I wonder who installed you here
Amid the olive trees,
Surrounded by fresh blades of grass
And red anemones.
Was it perchance the motorist
Who caused your ninth-life’s loss,
Or one of the Christian pilgrim dears
Seeking their Holy Cross?
Whatever the truth, here you’ve lain
Beside the museum fence
From Passover Eve to Easter Day.
Oh, won’t you vanish hence!
For this is part of my chosen route,
Which dodges the tourist shoals,
To the Gan ha-Botani lying beyond
Where I rest my weary soul.
In a day or two – God help my nose! –
You’re going to stink to heaven.
But mark these words, O grinning bag,
I’m totally void of leaven.
True, I’m inclined to raise you up
By means of that ginger tail,
And fling you o’er the museum wall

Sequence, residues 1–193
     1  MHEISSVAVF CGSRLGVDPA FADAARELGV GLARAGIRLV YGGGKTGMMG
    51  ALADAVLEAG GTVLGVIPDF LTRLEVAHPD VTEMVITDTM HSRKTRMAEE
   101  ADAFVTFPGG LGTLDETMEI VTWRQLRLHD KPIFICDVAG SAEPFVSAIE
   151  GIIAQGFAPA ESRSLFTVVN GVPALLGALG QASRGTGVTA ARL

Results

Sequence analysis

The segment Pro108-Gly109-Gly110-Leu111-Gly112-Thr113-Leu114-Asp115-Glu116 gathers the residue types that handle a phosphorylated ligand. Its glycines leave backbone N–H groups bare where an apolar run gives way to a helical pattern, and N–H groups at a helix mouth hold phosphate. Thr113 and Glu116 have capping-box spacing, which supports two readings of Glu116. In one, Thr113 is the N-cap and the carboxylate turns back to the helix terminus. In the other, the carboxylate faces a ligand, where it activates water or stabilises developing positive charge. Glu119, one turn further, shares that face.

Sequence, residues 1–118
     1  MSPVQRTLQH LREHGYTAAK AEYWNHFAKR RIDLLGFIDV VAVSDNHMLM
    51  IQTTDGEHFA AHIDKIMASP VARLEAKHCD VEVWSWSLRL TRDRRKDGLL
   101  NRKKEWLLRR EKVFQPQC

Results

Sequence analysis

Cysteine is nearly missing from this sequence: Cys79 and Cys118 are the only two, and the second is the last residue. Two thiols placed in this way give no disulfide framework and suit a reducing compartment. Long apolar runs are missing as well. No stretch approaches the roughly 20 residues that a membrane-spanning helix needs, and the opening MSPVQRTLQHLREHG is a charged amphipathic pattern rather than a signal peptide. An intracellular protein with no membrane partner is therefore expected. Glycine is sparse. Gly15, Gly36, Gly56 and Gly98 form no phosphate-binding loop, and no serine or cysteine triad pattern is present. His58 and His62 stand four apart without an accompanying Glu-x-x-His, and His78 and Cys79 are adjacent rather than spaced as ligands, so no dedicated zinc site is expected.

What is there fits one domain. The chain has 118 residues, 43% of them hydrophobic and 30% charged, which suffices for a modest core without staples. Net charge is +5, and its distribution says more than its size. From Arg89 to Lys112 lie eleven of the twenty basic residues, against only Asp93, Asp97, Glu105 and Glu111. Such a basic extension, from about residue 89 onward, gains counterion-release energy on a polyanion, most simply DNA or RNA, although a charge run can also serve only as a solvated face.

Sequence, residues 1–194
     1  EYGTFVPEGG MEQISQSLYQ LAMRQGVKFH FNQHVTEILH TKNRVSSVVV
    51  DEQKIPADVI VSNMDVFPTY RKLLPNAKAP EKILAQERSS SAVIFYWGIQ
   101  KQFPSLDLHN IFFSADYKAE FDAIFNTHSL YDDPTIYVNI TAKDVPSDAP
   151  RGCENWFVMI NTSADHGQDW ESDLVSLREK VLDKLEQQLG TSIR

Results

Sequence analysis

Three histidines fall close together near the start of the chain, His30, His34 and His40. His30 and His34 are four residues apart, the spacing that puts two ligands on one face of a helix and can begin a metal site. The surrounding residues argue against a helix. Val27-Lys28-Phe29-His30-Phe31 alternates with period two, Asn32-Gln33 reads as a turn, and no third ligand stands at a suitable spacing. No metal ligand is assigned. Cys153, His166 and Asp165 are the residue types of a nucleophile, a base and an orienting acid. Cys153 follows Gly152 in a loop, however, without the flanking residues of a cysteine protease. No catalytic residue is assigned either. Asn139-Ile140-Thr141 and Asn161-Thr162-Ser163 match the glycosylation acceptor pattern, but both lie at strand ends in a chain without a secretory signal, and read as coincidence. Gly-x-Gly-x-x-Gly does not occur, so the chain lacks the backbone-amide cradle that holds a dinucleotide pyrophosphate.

To confound the tourist trail.
Yet, stinking was your natural course
Both in and out of doors,
And shame would never cross your mind
When marking what was yours.
As to the tree whose ancient roots
Will absorb your putrid flesh,
Together with the birds and plants
He’ll merely feel more fresh.
And so I am obliged to bear
The burden of your state,
To hold my nose, beat off the flies;
Accept this scene as fate.
For, after all, it won’t be long
Before the summer heat
Has rendered you quite odourless
And killed the lovely sweets.
Meantime I leave this little mutt,
At whom you used to hiss
To roll with joy upon you neck
And shower you with piss.
20 April 1992